When Aimee Chadzynski bundled into her seat on a Perth-bound Emirates flight this week, she cried.
After weeks of stress and upheaval, she and her husband were finally on their way back to Australia.
The couple had moved to the United Kingdom on a work transfer 13 months ago. Their intention was to remain for two years, maybe three. Then the SARS-CoV-2 virus leeched its way across the globe.
Aimee lives with severe asthma and Type 2 Diabetes, which places her at high risk of serious illness should she develop a COVID-19 infection. Heeding the advice of her medical practitioners, as well as that of both the British and Australian governments, she had remained indoors, confined entirely to her London apartment for 17 weeks.
With cases still gripping the UK, her job as secondary-school teacher was no longer viable long term. Australia's relatively low caseload offered safety, and with people at airports by then likely to have been in lockdown, there was a window of opportunity.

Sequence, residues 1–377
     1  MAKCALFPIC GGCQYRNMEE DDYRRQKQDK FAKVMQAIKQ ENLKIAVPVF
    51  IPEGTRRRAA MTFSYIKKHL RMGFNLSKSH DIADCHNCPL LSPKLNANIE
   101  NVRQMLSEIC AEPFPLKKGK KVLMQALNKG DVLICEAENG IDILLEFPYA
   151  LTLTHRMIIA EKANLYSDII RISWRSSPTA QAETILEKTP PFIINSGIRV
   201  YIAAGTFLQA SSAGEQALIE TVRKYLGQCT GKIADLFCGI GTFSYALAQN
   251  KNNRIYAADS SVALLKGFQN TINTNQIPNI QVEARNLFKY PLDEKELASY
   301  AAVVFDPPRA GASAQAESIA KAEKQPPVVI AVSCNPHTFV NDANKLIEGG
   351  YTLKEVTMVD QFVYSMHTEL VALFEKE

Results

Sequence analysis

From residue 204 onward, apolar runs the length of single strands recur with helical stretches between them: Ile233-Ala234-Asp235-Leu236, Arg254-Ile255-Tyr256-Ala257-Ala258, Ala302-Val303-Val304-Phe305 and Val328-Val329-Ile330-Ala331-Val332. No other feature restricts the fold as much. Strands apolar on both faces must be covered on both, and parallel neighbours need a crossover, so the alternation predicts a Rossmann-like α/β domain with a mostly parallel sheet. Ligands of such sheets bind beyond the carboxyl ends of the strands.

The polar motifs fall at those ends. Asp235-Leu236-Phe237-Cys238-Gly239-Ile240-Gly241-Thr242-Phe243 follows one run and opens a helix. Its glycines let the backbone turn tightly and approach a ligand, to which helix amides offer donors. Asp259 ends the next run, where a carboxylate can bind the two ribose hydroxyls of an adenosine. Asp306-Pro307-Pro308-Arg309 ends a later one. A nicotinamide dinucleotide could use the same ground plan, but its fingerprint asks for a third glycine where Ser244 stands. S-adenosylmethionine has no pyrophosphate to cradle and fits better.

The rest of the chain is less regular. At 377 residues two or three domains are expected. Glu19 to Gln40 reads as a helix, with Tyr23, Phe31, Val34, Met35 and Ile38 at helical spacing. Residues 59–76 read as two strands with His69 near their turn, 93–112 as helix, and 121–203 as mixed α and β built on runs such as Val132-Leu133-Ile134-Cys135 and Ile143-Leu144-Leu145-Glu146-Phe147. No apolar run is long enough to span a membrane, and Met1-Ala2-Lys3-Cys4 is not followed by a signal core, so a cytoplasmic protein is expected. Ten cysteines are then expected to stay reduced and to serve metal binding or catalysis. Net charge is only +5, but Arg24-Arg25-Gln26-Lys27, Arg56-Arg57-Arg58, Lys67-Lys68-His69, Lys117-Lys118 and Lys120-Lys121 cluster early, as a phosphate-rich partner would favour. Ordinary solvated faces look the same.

Yet as Aimee made the difficult decision to uproot her life, she listened to the words of Australia's leaders, scrolled through press and social media, and it was clear: in the eyes of many of her own countrymen, she — and others like her — aren't welcome back.
'They should have been better prepared.' 'They had plenty of time to come back.' 'Why move overseas if you can't afford to live there?' 'Why should taxpayers have to pay because they wanted to go elsewhere?'
"It seems to be an 'us and them' rhetoric," she told Mamamia. "It's almost felt like, 'Well, you're all the problem; you're going to bring the virus here.'
"It's all been quite alienating and isolating, with very little understanding of people's lives and the reality of their situations."
Arrival anxiety: what inbound passengers face at the border.
On July 4 and 10, the Morrison government announced a raft of changes to border rules in order to ease the pressure on hotel quarantine.